That being said, yes, downloading books is evil, books are gorgeous and there's nothing prettier than loads of pretty bookshelves! Why would anyone want to deprive themselves of that?
Dec. 4th, 2009 03:36 pm (UTC)
I downloaded an illegal copy of one of the Harry Potter books, too - for some reason I couldn't get a hard copy when it came out (can't remember why) and I didn't want to wait until I had a chance to go to a book store. But I went out and bought it properly later. (I am a re-reader of epic proportions.)

(I think one time I also downloaded one so I could check out the ending before I bought the book mail order - I have some issues and didn't want to buy it if it was going to upset me because someone died or it ended badly. So I skimmed the end, found out what I needed to know, and deleted the file. Basically what I would've done at a bookstore had I been able to look at the book in person - check it out, and either buy it or put it back on the shelf.)

That said, I think the best thing publishers can do in this day and age is put up a decent chunk of the book for free as a teaser, to get people hooked. (I mean a whole chapter or two, not two pages and not half the book. Enough that you have a chance to get into the story and get the feel of the style of writing and develop some interest in the characters.) I don't have as much time to read as I used to, so I'm pickier about what I do spend time reading, and getting to read a decent sized excerpt is the best way to get me into the book store with all possible speed to pick up the book. :)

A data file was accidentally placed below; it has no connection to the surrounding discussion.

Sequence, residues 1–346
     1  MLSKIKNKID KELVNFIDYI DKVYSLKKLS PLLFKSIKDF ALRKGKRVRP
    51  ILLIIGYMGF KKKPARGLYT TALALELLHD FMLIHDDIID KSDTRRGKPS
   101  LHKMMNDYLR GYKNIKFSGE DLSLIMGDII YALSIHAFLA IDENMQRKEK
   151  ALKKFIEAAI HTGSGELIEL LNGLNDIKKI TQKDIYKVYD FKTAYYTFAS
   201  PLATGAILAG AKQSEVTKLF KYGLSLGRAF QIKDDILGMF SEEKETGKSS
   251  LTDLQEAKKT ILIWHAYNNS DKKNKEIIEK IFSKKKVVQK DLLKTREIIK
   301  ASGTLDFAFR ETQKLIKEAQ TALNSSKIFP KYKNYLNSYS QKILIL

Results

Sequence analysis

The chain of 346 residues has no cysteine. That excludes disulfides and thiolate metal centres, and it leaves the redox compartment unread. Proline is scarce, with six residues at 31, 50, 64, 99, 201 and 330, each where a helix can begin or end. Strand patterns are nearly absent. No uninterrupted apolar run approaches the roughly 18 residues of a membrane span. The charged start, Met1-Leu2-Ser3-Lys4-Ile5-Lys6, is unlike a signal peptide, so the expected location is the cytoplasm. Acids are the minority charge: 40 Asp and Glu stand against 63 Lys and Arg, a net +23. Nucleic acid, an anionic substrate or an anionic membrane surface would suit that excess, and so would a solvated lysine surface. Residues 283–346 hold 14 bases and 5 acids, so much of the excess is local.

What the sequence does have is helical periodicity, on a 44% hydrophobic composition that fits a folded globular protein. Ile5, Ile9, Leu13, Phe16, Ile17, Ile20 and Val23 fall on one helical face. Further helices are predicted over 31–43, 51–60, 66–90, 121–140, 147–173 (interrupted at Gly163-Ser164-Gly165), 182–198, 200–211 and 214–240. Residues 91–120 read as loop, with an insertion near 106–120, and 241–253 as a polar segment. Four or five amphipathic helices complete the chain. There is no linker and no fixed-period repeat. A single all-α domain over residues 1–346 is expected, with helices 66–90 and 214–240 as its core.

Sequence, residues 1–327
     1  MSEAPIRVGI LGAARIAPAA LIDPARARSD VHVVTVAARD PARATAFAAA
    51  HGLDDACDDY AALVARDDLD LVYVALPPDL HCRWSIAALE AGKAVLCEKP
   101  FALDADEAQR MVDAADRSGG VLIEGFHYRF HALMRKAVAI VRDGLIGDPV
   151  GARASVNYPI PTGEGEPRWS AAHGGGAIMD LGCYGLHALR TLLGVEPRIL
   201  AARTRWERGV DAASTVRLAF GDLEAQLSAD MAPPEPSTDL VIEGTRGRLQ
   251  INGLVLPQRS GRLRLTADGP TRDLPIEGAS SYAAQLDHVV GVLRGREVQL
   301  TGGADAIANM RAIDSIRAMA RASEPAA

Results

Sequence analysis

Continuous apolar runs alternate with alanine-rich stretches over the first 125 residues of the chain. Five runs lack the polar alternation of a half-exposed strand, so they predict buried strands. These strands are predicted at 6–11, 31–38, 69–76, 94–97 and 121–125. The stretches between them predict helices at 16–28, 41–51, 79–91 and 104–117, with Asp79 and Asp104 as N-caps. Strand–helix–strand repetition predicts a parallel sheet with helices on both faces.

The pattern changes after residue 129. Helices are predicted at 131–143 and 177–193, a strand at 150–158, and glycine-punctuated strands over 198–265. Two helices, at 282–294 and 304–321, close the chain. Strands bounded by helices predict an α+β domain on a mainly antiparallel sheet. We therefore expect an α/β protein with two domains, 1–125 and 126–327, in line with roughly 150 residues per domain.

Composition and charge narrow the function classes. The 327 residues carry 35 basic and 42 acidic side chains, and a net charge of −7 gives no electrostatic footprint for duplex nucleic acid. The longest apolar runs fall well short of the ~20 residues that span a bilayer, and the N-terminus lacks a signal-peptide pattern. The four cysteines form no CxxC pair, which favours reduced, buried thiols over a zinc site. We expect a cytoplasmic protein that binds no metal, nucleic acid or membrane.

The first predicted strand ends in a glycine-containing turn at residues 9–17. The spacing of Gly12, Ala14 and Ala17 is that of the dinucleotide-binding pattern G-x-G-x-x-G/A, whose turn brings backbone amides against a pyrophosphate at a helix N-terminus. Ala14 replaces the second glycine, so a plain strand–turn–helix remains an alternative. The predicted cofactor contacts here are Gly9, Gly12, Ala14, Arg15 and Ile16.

(no subject) - sarahtales - Dec. 4th, 2009 03:37 pm (UTC) - Expand
(no subject) - quiet000001 - Dec. 4th, 2009 03:59 pm (UTC) - Expand
(no subject) - live_momma - Dec. 4th, 2009 06:40 pm (UTC) - Expand
Dec. 4th, 2009 02:51 pm (UTC)
You're sweet for sharing your personal story and this is a much needed post! I don't think authors (or anyone, really) can blog about this topic enough. Thank you, Sarah! I've tweeted this. :)

Edited at 2009-12-04 02:51 pm (UTC)
Dec. 4th, 2009 02:53 pm (UTC)
Ouch. :( My copy of your book was very much purchased legally and is in plain old hardback. Moral and legal issues aside, it's so much more satisfying to read a book and actually hold the pages in your hands - it's far more soothing and encompassing an experience than reading off a computer screen. To me, anyway.